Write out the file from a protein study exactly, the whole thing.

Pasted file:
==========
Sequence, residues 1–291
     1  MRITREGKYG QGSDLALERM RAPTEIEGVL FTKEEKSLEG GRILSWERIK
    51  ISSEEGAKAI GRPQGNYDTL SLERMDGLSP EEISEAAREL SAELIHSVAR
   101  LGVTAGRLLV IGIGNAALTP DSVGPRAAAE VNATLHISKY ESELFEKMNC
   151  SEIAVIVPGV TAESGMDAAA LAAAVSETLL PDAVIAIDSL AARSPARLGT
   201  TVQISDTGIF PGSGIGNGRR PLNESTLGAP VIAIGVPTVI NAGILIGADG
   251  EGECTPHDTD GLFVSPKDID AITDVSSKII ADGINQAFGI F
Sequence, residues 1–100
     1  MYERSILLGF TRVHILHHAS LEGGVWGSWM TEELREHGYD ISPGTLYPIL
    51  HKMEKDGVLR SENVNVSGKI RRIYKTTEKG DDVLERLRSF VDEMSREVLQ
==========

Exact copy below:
Sequence, residues 1–291
     1  MRITREGKYG QGSDLALERM RAPTEIEGVL FTKEEKSLEG GRILSWERIK
    51  ISSEEGAKAI GRPQGNYDTL SLERMDGLSP EEISEAAREL SAELIHSVAR
   101  LGVTAGRLLV IGIGNAALTP DSVGPRAAAE VNATLHISKY ESELFEKMNC
   151  SEIAVIVPGV TAESGMDAAA LAAAVSETLL PDAVIAIDSL AARSPARLGT
   201  TVQISDTGIF PGSGIGNGRR PLNESTLGAP VIAIGVPTVI NAGILIGADG
   251  EGECTPHDTD GLFVSPKDID AITDVSSKII ADGINQAFGI F
Sequence, residues 1–100
     1  MYERSILLGF TRVHILHHAS LEGGVWGSWM TEELREHGYD ISPGTLYPIL
    51  HKMEKDGVLR SENVNVSGKI RRIYKTTEKG DDVLERLRSF VDEMSREVLQ